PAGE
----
Friday, June 19, 2015

When Books Went to War by Molly Guptil Manning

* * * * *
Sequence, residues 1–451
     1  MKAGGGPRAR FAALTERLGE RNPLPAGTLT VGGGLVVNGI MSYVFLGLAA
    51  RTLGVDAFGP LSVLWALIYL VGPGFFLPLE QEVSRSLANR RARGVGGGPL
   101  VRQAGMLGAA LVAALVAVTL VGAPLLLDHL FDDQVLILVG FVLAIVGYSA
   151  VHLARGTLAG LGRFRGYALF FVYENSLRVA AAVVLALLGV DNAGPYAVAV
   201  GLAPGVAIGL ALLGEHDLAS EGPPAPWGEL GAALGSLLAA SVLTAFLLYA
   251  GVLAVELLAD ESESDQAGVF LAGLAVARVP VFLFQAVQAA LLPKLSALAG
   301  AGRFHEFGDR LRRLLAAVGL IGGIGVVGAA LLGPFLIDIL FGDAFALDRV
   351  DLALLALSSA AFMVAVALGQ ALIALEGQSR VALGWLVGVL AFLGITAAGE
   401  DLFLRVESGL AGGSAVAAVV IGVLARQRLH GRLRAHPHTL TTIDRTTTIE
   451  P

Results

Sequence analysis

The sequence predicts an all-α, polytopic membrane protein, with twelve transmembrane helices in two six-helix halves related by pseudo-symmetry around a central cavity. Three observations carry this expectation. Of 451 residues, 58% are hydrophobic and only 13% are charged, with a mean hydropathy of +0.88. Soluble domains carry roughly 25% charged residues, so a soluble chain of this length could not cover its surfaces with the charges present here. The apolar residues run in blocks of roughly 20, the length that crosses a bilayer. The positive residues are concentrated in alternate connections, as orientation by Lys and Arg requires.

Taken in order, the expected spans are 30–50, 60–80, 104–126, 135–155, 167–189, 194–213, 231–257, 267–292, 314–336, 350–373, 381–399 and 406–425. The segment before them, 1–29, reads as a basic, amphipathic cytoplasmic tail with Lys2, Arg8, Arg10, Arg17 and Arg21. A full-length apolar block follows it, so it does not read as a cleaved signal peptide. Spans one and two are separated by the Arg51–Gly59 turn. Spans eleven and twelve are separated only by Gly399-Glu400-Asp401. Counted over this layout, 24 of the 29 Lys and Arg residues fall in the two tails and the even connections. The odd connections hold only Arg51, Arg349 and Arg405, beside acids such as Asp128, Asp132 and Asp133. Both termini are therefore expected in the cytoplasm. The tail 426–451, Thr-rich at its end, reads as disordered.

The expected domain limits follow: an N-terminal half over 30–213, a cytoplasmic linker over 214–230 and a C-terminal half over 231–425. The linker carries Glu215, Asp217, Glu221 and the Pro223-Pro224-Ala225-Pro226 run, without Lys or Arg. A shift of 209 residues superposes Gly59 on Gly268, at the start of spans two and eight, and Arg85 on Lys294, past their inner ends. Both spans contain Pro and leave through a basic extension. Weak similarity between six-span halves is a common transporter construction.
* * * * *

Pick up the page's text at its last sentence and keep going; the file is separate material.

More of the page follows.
World War II was a war that united the American population like no other. Young men enlisted to serve in the Armed Forces and civilians pitched in by making whatever sacrifices they could make: planting Victory Gardens, living with food and gasoline rationing, turning possessions into scrap (metal, paper, cloth), and donating books for the troops. Unfortunately, the book donation program was not entirely successful. Many titles donated were not of interest to young American men (knitting, theology, and foreign policy, just to name a few of the not terribly enticing subjects.) But an even bigger problem was the size of the books. Before the 1950’s, very few books were published in paperback. The hardcover books were simply too big and bulky for an infantryman to add to his already heavy load of over 60 pounds. A solution was proposed and accepted—small, lightweight books printed especially for the men in the Armed Services. ASEs (Armed Service Editions) were designed. Titles were chosen, printed and distributed to the far corners of the earth. And they were greatly appreciated by men in foxholes, in jungles, in deserts, on ships and in hospitals. Surprisingly perhaps, the most popular title was A Tree Grows in Brooklyn by Betty Smith. Many soldiers and sailors wrote to her, describing the comfort they found in her story of a Brooklyn family, living an American life much like theirs. Second in popularity was Chicken Every Sunday by Rosemary Taylor, a memoir of life in her mother’s boarding house with many mouth-watering descriptions of good old American food. There were many other popular authors like Ernest Hemingway, Marjorie Rawlings, F. Scott Fitzgerald, Mark Twain and Charles Dickens, as well as histories, biographies, poetry and numerous other subjects. Many of the service men were readers who took solace in books. Others were introduced to reading for pleasure by the ASEs and returned home with a new interest in literature. Librarians and publishers fought shortages of funds, shortages of paper and, eventually, even censorship to keep the program running and, in the end, they were as victorious as the American Armed Forces.  Anyone reading a blog like this one can appreciate the contribution the ASEs made in the quality of life of the American G.I. When Books Went to War lists all the titles published by the program, year by year. Some of the titles are out of print, but, for the information of the omnivorous and curious reader, many are available in our library system.